A wide range of innovative planning is guiding Cedar Hill into its future. One of most exciting of these is the City Center Plan that is transforming Cedar Hill’s historic downtown and commercial core into the most unique urban center in the region. The mix of integrated residential, retail, office and community services highly connected with open spaces, trails, bike lanes, and eventually, transit rail is creating many exciting business opportunities and new ways of calling Cedar Hill home. Another key element is Cedar Hill’s innovative, sustainable land use planning, which balances growth with a deep commitment to preserving and connecting its natural spaces. Working in concert with its open space partners like Cedar Hill State Park and Dogwood Canyon Audubon Center, the City is preserving 20 percent of its land area to insure it will continue to flourish and set Cedar Hill apart as a model. Other plans include creating a vibrant tourist economy centered on Cedar Hill’s iconic natural attractions, historic downtown charm and high-end shopping attractions. Significant transportation infrastructure enhancements are planned, including capacity and congestion upgrades to U.S. 67, and also Future Loop 9, which will connect Cedar Hill’s industrial and commercial areas directly to I-45, I-35 and other fast-growing areas within an expansive trade area.

As the North Texas region continues to experience dramatic growth, the most successful communities will be those that are connected, distinctive and discerning about who they are and where they’re going. In this regard, Cedar Hill is uniquely positioned for business and community success.

As one of the oldest communities in Dallas County, commerce has always been a key part of the community and the environment. From its earliest days as a trading hub, agricultural center and railroad destination, to the vibrant, highly-diversified economy that is emerging today, Cedar Hill has been deliberately designed to perfectly balance quality business and community growth within the stunning natural beauty that makes Cedar Hill the prettiest part of North Texas.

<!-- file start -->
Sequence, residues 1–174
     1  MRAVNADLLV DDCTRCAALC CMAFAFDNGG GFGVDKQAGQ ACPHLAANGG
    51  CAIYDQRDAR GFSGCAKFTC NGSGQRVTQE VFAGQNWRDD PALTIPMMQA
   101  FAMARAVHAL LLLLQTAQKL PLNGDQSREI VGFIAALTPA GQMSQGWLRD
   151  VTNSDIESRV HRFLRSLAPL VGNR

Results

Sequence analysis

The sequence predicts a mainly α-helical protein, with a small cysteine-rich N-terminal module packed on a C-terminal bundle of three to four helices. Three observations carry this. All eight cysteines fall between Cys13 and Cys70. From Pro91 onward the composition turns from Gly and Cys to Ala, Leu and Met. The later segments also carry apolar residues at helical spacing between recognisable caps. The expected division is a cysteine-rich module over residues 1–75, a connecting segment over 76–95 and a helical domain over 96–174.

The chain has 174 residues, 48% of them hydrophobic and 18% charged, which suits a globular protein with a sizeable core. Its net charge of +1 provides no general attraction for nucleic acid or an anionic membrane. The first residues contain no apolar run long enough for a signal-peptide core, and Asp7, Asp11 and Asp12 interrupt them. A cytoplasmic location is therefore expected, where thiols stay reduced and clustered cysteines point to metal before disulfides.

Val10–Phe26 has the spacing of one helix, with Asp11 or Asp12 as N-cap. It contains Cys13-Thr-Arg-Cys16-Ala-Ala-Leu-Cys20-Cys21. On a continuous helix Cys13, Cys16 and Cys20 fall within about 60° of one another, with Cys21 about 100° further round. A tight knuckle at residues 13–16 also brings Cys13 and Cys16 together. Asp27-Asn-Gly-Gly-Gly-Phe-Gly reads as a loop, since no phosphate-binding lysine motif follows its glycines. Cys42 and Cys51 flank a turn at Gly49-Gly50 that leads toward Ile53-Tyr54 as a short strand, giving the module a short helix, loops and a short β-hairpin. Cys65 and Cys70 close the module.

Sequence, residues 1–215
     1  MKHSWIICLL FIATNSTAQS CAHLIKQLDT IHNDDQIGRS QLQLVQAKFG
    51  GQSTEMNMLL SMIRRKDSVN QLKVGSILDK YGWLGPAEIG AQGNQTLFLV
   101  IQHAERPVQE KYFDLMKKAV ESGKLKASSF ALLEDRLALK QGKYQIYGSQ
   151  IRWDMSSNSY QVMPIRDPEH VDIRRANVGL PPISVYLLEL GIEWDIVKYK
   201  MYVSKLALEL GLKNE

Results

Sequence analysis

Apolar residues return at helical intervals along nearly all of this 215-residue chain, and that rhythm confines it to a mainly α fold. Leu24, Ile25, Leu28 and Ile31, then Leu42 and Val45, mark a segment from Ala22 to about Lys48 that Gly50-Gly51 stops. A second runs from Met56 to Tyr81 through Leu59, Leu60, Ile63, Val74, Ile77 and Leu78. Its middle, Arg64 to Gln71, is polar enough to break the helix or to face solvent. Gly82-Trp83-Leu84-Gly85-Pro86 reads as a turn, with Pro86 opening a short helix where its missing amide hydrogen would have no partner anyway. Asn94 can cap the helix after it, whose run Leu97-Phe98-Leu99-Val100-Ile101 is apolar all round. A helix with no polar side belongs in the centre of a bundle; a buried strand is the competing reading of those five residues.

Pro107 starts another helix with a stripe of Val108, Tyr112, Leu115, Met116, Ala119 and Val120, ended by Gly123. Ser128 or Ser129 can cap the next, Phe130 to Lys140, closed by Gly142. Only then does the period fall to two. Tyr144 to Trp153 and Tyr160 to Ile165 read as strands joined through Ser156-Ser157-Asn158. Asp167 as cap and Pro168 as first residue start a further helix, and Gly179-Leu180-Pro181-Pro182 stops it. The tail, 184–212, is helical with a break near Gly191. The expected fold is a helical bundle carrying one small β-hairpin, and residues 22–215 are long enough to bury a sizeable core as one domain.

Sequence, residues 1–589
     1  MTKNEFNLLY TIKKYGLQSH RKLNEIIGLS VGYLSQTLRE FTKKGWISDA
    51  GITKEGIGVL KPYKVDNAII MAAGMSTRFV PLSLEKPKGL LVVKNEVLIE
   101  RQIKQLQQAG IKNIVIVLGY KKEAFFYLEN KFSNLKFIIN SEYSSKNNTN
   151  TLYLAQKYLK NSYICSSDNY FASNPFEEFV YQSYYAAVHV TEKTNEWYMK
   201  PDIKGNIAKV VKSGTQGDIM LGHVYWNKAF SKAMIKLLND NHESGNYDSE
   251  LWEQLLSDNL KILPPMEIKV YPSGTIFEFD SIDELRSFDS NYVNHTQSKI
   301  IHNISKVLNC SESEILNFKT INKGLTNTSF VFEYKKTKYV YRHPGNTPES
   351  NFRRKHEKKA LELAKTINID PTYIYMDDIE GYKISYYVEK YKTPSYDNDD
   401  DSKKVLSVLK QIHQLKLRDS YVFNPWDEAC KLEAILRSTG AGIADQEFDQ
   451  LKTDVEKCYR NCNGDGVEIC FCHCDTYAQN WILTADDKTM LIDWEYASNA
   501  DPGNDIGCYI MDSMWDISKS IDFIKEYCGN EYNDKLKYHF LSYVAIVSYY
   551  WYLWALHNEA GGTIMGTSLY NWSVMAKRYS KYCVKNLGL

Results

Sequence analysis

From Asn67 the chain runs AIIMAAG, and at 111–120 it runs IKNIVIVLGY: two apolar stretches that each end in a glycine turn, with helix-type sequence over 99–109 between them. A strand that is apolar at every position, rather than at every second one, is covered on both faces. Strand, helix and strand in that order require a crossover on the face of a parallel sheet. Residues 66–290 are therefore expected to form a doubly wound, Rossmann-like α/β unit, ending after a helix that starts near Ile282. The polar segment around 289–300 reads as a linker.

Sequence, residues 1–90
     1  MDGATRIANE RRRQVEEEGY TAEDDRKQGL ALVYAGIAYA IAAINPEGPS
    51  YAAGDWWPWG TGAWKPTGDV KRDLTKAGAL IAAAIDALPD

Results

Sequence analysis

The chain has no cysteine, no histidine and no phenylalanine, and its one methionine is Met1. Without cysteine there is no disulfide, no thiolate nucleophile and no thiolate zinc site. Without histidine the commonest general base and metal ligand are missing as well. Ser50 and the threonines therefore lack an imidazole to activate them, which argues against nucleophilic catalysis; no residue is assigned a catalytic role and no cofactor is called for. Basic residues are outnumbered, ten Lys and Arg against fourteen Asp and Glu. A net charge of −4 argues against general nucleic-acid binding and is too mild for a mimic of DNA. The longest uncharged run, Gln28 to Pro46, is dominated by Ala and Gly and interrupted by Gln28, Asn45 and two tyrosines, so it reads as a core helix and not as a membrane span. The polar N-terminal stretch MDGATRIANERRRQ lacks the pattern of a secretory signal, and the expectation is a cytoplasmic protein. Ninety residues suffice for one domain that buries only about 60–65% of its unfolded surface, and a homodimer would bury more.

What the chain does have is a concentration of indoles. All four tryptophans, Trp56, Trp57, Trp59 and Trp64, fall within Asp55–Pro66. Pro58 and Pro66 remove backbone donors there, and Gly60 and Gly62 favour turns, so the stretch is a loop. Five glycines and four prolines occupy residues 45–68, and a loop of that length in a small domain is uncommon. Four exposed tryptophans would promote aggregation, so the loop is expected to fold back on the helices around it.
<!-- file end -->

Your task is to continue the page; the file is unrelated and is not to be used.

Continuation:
Cedar Hill’s unique natural qualities, strategic central location, excellent connectivity and solid infrastructure supports a wide range of business sectors and are just a few of the reasons why so many national and regional brands of distinction are calling Cedar Hill home. Brands such as Dillard’s, H&M, JC Penny, Burlington Coat Factory and Home Depot all add to over 2 million square feet of retail and office space that make Cedar Hill a regional retail and business service hub. Cedar Hill’s industrial sector is exceptionally diversified. The ease of connectivity to the region, availability of freight rail, and abundant well-educated human capital promotes growth and profitability in industries from metal fabrication and distribution centers to commercial fixture and aeronautical component manufacturing.

Opportunities grow naturally in Cedar Hill with easy connections in the North Texas region. Located 20 minutes from downtown Dallas and 40 minutes from downtown Fort Worth with multiple connections to the rest of the DFW Metroplex; a 30-minute drive will take you to DFW International Airport or Dallas Love Field. For executive air travel, Dallas Executive Airport is only 15 minutes away. BNSF rail serves the Cedar Hill Business Park as well as other available sites in the City.